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Different culture media affect growth characteristics, surface marker distribution and chondrogenic differentiation of human bone marrow-derived mesenchymal stromal cells
BMC Musculoskeletal Disorders volume 14, Article number: 223 (2013)
Bone marrow-derived mesenchymal stromal cells (BM-MSCs) play an important role in modern tissue engineering, while distinct variations of culture media compositions and supplements have been reported. Because MSCs are heterogeneous regarding their regenerative potential and their surface markers, these parameters were compared in four widely used culture media compositions.
MSCs were isolated from bone marrow and expanded in four established cell culture media. MSC yield/1000 MNCs, passage time and growth index were observed. In P4, typical MSC surface markers were analysed by fluorescence cytometry. Additionally, chondrogenic, adipogenic and osteogenic differentiation potential were evaluated.
Growth index and P0 cell yield varied importantly between the media. The different expansion media had a significant influence on the expression of CD10, CD90, CD105, CD140b CD146 and STRO-1. While no significant differences were observed regarding osteogenic and adipogenic differentiation, chondrogenic differentiation was superior in medium A as reflected by GAG/DNA content.
The choice of expansion medium can have a significant influence on growth, differentiation potential and surface marker expression of mesenchymal stromal cells, which is of fundamental importance for tissue engineering procedures.
Since their recognition in the 1960s and 70s[1, 2], mesenchymal stem or stromal cells (MSC) are considered one of the most promising targets for regenerative medicine. MSC were first isolated from animal bone marrow (BM), but a variety of tissues in humans, such as adipose tissue, cord blood, peripheral blood and connective tissues have also proven to be a yielding source for these cells.
The potency of human MSC (hMSC) to differentiate into various cell lines, such as fibroblasts, myofibroblasts, osteoblasts, chondroblasts and adipocytes[8, 9] put these cells into the current focus of tissue engineering, particularly in the fields of bone[10, 11] and cartilage[12, 13] regeneration, but also in myocardial infarction[14, 15].
Minimal criteria for MSC have been postulated by the International Society for Cellular Therapy: they must express CD105, CD73 and CD90 and lack expression of hematopoietic markers such as CD45, CD34, CD14 and CD11b. In addition, MSC must be capable of differentiating into fibroblasts, osteoblasts, adipocytes and chondroblasts under specific in vitro conditions.
However, there is an enormous variance in cell isolation techniques and expansion conditions for MSCs[12, 17–19]. Basal culture media and supplements have become a considerable market with the growth of mesenchymal stromal cell research. Up to this day, only little attention was paid to the distinct variations of culture media, growth factors and other supplements used in this field of research.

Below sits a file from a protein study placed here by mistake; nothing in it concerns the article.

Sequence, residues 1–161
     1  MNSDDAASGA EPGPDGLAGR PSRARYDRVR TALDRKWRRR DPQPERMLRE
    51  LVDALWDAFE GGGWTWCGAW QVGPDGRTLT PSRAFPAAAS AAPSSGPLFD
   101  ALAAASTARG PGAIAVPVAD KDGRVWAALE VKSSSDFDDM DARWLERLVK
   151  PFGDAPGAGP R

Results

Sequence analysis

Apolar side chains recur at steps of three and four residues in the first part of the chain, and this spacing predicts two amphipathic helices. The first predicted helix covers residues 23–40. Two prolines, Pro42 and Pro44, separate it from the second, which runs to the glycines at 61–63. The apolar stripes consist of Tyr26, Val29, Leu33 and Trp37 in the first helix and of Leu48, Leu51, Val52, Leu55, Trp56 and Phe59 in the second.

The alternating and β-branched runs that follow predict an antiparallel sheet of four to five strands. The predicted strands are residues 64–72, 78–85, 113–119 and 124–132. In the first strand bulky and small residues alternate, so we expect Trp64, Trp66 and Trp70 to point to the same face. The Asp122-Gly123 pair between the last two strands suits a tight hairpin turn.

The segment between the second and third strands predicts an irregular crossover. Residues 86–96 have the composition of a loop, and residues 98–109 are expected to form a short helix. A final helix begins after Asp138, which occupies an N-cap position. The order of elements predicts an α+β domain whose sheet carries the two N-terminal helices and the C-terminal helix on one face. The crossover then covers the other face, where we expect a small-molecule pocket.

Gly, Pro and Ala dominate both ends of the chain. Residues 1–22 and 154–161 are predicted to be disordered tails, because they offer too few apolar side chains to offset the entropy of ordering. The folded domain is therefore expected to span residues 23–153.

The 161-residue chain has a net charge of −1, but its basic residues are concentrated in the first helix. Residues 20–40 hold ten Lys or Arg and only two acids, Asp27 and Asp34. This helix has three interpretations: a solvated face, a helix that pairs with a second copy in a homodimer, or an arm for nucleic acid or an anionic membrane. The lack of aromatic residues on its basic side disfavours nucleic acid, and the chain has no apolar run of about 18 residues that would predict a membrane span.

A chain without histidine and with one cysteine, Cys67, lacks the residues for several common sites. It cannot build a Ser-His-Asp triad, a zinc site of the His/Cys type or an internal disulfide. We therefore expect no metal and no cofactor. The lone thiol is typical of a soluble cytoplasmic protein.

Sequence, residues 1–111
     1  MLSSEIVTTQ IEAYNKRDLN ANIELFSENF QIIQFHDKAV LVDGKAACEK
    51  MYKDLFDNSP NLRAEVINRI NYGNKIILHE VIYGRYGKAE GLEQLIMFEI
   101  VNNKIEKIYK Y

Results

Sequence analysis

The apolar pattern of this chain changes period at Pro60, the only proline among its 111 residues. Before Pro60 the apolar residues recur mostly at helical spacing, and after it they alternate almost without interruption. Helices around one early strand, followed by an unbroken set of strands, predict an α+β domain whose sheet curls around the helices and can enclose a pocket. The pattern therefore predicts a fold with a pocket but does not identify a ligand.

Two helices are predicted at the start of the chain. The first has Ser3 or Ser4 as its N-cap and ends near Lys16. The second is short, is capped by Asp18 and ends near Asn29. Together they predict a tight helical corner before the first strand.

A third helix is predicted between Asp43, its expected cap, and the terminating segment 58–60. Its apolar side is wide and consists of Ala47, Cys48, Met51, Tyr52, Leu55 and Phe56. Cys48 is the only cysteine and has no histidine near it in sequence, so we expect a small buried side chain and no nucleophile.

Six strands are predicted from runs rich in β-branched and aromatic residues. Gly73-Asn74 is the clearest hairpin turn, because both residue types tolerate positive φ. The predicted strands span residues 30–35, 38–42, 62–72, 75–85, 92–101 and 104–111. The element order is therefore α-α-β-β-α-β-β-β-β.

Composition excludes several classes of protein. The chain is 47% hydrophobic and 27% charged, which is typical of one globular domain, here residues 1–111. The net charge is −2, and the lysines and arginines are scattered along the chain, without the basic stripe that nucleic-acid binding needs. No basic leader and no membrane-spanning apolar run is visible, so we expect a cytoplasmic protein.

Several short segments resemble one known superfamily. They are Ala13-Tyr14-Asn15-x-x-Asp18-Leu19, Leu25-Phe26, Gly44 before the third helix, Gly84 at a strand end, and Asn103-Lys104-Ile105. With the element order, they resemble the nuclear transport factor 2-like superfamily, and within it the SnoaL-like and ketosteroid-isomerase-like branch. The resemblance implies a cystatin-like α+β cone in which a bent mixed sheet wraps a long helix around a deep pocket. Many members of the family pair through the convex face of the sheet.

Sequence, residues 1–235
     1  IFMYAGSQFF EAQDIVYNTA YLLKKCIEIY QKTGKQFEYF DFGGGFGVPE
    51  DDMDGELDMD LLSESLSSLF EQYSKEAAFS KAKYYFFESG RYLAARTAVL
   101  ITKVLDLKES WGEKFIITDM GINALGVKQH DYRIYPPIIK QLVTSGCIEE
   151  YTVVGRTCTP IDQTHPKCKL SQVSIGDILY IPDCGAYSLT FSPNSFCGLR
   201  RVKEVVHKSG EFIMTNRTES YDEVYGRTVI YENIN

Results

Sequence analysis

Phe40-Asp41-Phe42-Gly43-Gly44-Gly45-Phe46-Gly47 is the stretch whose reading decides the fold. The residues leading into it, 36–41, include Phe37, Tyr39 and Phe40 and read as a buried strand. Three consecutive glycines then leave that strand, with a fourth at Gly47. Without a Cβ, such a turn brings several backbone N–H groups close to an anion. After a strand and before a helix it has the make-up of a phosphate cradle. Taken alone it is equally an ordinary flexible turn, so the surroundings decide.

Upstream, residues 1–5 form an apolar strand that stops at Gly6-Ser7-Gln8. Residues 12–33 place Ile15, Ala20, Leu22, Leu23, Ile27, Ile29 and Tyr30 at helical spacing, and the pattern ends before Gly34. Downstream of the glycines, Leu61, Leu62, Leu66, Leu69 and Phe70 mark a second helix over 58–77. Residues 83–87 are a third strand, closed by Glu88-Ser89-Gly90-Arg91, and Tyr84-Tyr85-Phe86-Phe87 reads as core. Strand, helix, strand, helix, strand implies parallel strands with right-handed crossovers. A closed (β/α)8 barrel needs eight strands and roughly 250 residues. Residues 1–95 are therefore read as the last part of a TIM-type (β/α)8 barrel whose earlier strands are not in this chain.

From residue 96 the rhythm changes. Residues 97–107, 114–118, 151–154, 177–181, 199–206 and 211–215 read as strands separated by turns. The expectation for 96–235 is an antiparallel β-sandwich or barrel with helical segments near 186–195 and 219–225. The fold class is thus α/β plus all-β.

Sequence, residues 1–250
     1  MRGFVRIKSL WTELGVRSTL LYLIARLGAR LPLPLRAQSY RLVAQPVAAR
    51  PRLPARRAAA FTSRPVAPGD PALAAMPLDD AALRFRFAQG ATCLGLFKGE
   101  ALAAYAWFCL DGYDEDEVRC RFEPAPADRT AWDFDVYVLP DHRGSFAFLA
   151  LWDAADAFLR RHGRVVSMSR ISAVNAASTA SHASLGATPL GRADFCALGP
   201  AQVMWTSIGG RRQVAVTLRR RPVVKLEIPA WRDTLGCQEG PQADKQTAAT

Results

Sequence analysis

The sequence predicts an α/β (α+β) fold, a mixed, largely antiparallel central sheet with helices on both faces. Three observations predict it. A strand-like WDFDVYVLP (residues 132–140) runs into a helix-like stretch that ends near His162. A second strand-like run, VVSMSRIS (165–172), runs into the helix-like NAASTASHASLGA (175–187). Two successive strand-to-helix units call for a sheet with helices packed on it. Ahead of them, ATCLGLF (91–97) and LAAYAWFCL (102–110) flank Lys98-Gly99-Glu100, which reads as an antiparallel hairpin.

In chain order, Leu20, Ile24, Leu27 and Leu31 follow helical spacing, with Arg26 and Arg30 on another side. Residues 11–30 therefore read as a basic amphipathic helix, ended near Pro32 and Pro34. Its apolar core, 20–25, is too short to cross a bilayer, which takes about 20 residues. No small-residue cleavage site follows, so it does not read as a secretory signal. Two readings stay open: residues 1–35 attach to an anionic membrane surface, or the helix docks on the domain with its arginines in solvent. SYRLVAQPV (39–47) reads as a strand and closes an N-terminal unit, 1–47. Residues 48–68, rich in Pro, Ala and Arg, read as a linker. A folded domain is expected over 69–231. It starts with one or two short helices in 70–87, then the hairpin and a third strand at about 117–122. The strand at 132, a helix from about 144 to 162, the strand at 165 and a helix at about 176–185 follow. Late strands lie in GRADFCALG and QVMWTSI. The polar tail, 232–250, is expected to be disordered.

Yet there is increasing evidence that the choice of culture media has an important influence on the biological properties of MSCs[9, 19–21]. Besides, recent studies report that bone marrow derived MSC may consist of several distinct subpopulations with diverse regenerative potential[22, 23]. However, the properties of these subpopulations and their usability in tissue engineering are only marginally explored.
The aim of this study therefore was to analyse the influence of four different widely used culture media on growth parameters and surface marker distribution of human BM-MSCs. Rather than determining the influence of single culture additives, actual media compositions that were in use in our laboratory were compared to each other with the main focus on the impact on surface marker distribution.
Bone marrow donors
Human MSCs were isolated from bone marrow of 12 donors (mean age 33 ± 21.6 years, 6 female, 6 male). Bone marrow aspiration was performed in the tibia (n = 2), femur (n = 2) or the iliac crest (n = 8) within the framework of total joint arthroplasty or osteotomy. The study protocol had been approved by the ethics committee of the University of Heidelberg, Germany. All patients provided informed consent according to the latest version of the Helsinki Declaration.
Mesenchymal stromal cells (MSCs)
Bone marrow was intraoperatively diluted to 1:1 isotonic saline solution (B. Braun Melsungen, Germany) with 5000 I.E. of heparine (ratiopharm, Ulm, Germany). Mononuclear cells (MNCs) were isolated from these bone marrow samples by Ficoll Paque plus (GE Healthcare, Uppsala, Sweden) gradient centrifugation. After Ficoll separation, the cells of all donors were distributed into four equal samples and resuspended in different cell culture media as described below at a density of 5 × 105 cells/cm2 (equals 2.5 × 106 cells/ml) in T75 cm2 cell culture flasks (Nunc, Roskilde, Denmark). MSCs were then cultured under the exact same conditions, at 37°C with 6% CO2 in a humidified thermostat, except for the use of four different culture media:
1. Dulbecco’s modified Eagle’s medium low glucose (DMEM-LG, Invitrogen, Karlsruhe, Germany) with 10% fetal calf serum (FCS, Biochrom, Berlin, Germany) and 1% penicilline/streptomycine (Invitrogen, Karlsruhe, Germany) (referred to as medium A).